Posted: 2022-01-15 | Author: Richard Simon
Using A Cash-Out Refinance To COnsolodate Debt? Read This First
One of the largest benefits of owning a home is the accumulation of equity. Many homeowners don't know that they don't have to wait until they sell their homes to access that equity. Using cash out refinancing, a homeowner can take the equity out in the form of a new loan and use it however they'd like, even to pay off other debts. Cash-out refinance rates are probably lower than your existing mortgage rate, so in addition to getting equity out in the form of cash, you may even lower your monthly payment. Before running to the phone to call your lender, let's take a closer look at what a cash out refi is and if it is something you should consider.
How Does A Cash-Out Refinance Work?
First, it's important to understand how a cash out refinance works. Once you find a lender with the best cash out refinance rates, you'll want to see exactly how much equity you have in your home. Equity is the difference between how much is owed on a mortgage and how much the home is worth. For example, if a homeowner's mortgage balance is $275,000 and their home is now worth $500,000, that means they have $225,000 in equity. Since home values have increased significantly in the last year, chances are you have equity.
If the homeowner were to do a cash out refinance, they would get a loan large enough to cover the existing mortgage amount plus up to 80% of the equity they have in the home. The difference between the new loan amount and the current mortgage payoff is the amount the homeowner would receive in cash to use toward whatever they'd like. It's important to point out that lenders will have to verify the home's value and also look at the homeowner's credit score, income, debt-to-income ratio before approving a cash out refinance.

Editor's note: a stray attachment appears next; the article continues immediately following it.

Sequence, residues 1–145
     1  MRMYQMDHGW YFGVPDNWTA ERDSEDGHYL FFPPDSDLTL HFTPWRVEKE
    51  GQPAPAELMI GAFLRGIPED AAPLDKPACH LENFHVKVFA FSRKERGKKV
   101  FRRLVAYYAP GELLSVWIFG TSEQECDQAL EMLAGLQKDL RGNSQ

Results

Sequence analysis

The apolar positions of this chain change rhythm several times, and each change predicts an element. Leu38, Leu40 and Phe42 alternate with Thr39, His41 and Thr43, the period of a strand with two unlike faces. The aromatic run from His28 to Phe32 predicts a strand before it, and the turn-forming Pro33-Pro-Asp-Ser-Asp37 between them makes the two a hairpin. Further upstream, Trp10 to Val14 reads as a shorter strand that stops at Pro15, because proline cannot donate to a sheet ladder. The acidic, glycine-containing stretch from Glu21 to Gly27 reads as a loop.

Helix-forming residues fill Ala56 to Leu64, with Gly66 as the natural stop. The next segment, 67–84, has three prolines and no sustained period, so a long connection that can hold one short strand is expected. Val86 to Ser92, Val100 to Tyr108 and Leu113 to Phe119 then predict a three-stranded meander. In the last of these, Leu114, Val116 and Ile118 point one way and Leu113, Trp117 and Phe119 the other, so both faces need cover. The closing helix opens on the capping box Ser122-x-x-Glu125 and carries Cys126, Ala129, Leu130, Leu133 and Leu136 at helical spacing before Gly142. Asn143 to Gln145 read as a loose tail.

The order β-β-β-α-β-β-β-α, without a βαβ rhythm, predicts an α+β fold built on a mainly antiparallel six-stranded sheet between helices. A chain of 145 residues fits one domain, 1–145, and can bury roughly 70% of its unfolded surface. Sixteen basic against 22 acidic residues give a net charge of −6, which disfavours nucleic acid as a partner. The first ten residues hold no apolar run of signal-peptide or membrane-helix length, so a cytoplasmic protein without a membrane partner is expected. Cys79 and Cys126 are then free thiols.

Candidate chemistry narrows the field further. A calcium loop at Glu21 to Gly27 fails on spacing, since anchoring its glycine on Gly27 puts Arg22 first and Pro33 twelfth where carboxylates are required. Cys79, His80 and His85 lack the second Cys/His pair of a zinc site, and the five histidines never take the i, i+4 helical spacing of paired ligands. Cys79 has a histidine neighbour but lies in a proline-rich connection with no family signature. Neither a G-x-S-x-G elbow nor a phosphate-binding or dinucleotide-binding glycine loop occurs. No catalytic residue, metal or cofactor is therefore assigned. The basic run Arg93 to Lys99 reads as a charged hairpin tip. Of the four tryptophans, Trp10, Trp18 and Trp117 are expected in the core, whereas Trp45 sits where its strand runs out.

Is Using A Cash-Out Refinance To Pay Off Debt A Good Idea?
Considering that cash out refi rates are really low at the moment, a cash out home refinance is definitely something worth considering. Credit cards, auto loans, and even student loans come with much higher interest rates than current cash out refinance mortgage rates and can all be paid off with the equity from your home. Some credit cards have interest rates close to 30%, which make them incredibly difficult to pay off; a cash out refinance will make paying off your debt much more manageable. Cash-out refi rates are around 3% at the moment, which means more of your money will be going toward your principal balance, getting your debt paid off more quickly. You'll also have a fixed payment for a specified time; usually 15 or 30 years, making it much easier to budget your money.
While you're looking at current cash out refinance rates and deciding whether or not this is a viable option for you, you need to make sure you have a plan in place to not get yourself back in debt. This is especially true for those who are using a mortgage cash out refinance to pay off credit card debt. A credit card is a type of revolving debt which means that as long as the account stays open and you have credit available, you can continue using it. The last thing you want to do is take the equity out of your home and then max out your credit cards and not have enough money to cover your monthly payments. However, if you are confident you can control your spending, taking advantage of the current cash out refinance interest rates makes perfect sense. Another risk to consider is if you do a cash out refinance to consolidate debt, your unsecured debt will now be become secured.
With unsecured debt, if the borrower does not make their payments, they get sent to collections, and their credit score gets damaged. With secured debt, like a mortgage, if you don't make your payments you lose the house. Therefore, if you are someone who is really bad at managing money, this may not be the best idea.
Still Not Sure If A Cash-Out Refinance Is Best for You?
If you have more questions about a mortgage cash out, we are all ears. We can answer any questions you may have and also give you an idea of how much equity you'd be able to borrow. Please feel free to give us a call at your convenience so we can discuss your options.